As usual, I pop on here to see what’s been going on, only to find that it has been an awfully long time since we last posted. This is, in part at least, due to the manic summer months and Alice’s Mummy’s retirement last week. It’s all down to me now – gulp. That said, it means that now, both between home and school, Alice has the attention she deserves. I’m not sure how we got this far really, with Claire working full time and me starting a business, whilst dealing with the day-to-day needs of two children (including Alice’s various trips to hospitals and AV).
Anyway, here we are. The new school year is now well underway and, as with most things, Alice has carried on and taken everything in her stride. Her language seems to be coming on in leaps and bounds – my favourite from the other day was “I can see Mrs.Mouse in Joseph’s window” – not bad given where we were just 12 short months ago.
The new school year brings its challenges too. Alice’s assessment for her statement has now taken place. Various independent assessments by doctors and educational psychologists, coupled with reports from AV, Alice’s TOD and us have now been submitted. The panel meets on the 20th of this month – here’s hoping.
In addition, Alice growing up means she is getting to try so many new and wonderful things at school. She now has Ballet shoes and loves dancing. Her class also swim at school once a week. This was a concept which terrified her teachers. What do you do with a deaf child in a swimming pool? We have never wanted Alice to miss out on anything. She is confident in the water, but the restrictions of her electronic technology mean that it can’t go in the pool with her – ergo she can’t hear. Not wanting to be left behind, we spent hours googling our way round the internet before Mummy came up with a solution. Thanks, in part at least, to our friends across the pond, we seem to have a system which now allows Alice to wear her processor in the water without damaging it. She can hear and enjoy swimming alongside all her other friends. It’s not perfect, but it does the job and, until the TICI comes along, is probably the best we can muster.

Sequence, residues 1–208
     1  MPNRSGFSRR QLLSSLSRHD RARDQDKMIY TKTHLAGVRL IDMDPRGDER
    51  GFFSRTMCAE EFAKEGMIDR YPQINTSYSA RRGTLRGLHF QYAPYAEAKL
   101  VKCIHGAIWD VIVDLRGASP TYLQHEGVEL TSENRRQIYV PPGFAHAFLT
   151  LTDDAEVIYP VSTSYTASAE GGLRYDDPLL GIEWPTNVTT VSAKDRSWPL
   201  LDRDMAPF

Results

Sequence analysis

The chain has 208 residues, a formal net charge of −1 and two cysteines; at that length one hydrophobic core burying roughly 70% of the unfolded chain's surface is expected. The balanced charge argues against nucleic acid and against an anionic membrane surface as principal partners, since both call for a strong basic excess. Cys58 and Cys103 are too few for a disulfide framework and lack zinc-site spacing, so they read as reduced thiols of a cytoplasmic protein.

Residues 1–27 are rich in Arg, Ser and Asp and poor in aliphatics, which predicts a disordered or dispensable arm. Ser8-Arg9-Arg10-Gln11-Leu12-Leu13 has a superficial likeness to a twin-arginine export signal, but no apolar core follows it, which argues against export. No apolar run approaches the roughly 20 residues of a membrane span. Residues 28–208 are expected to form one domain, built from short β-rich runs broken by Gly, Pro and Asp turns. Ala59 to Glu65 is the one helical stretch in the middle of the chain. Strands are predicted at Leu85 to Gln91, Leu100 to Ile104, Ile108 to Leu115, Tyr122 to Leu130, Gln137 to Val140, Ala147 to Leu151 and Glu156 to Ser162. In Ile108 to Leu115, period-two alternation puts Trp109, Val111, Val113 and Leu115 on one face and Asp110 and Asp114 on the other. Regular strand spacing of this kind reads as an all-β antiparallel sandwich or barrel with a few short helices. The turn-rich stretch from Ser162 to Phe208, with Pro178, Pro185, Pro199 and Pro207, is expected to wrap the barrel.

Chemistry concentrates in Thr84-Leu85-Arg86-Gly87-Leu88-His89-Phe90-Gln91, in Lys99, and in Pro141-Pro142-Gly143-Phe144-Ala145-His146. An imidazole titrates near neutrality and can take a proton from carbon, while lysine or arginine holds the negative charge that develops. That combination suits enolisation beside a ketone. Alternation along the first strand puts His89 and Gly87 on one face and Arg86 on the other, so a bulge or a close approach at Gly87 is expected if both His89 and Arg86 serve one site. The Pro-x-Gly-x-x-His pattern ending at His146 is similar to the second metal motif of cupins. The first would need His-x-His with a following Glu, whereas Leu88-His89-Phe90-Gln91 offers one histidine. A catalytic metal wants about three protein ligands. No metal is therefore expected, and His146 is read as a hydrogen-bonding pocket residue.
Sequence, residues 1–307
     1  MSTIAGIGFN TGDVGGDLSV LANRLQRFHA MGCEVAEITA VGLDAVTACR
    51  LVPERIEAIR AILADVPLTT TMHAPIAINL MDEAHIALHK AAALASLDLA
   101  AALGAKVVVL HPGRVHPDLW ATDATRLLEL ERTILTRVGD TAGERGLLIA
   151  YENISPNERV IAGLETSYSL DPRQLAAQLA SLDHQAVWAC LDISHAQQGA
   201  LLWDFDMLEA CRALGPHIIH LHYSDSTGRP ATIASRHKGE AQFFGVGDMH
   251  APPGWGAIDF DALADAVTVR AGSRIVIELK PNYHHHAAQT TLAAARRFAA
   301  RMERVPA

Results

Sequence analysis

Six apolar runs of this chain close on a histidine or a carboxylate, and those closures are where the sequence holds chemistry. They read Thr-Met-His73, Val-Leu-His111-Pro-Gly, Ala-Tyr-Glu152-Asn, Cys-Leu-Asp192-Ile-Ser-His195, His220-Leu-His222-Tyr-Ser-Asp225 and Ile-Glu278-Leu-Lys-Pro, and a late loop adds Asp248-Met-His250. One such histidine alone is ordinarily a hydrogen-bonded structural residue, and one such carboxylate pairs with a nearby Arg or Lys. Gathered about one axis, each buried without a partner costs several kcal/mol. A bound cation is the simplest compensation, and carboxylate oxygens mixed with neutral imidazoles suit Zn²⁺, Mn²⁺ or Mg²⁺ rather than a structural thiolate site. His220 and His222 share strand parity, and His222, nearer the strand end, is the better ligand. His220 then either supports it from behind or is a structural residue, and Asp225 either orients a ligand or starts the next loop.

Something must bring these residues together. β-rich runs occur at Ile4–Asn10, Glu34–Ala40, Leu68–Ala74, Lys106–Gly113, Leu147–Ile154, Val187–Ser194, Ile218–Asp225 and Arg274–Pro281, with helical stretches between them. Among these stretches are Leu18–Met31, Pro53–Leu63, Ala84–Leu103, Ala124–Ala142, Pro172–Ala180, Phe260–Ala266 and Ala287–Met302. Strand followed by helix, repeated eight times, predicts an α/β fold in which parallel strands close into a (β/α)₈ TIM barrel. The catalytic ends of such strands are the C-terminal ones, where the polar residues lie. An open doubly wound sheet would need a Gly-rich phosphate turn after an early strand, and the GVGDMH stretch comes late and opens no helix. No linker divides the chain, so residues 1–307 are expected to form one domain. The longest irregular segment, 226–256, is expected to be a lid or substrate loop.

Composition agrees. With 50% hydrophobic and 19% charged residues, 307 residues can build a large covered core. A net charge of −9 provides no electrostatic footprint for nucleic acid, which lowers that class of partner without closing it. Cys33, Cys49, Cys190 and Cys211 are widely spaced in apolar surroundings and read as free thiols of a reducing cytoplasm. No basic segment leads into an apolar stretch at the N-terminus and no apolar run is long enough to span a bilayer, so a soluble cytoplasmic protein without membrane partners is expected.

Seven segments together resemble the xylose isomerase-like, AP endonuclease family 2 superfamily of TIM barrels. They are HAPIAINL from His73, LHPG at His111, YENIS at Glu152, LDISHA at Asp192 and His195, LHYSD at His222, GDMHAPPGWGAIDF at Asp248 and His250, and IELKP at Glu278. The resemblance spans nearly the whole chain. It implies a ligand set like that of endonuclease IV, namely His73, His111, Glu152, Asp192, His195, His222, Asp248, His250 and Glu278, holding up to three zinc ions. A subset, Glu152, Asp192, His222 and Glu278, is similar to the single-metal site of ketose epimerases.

How do we do it? I can’t recommend this to all of you. We are lucky that we own Alice’s processor, thus we have it insured against damage. Most of you will have kit that is owned by your implant centre, so probably best to run it by them first. Anyhow, it essentially consists of a watertight bag, made to military specifications, that Alice wears under her swimming hat. This allows the magnet to still adhere to her head and for sound to be picked up through both the bag and the hat (fortunately Alice has to wear a hat anyway as part of her uniform). The hat then holds everything in place. It’s a bit ungainly and involves rather a lot of trial and error to locate the magnet, but Alice happily tells us when it is in the right place and off she goes. We are very fortunate to have a pool at home that has allowed us to practise this endlessly. Day-to-day, it is Alice’s TA, Sam, who has the dubious pleasure of fumbling around with it. So far so good it seems. We will put a video up as soon as we get round to taking one so you can see. I would recommend, if you do try this, checking the bag weekly with some tissue paper inside, just to check there are no leaks, and also to replace the bag relatively frequently – they are as cheap as chips and you can buy them in bulk.
It works for us anyway – bags can be found here: http://www.loksak.com/products/aloksak
You’ll need to use rechargeable, rather than the zinc air batteries as they will stop working in the airless environment. Beyond this, good luck, but remember this is done at your own risk!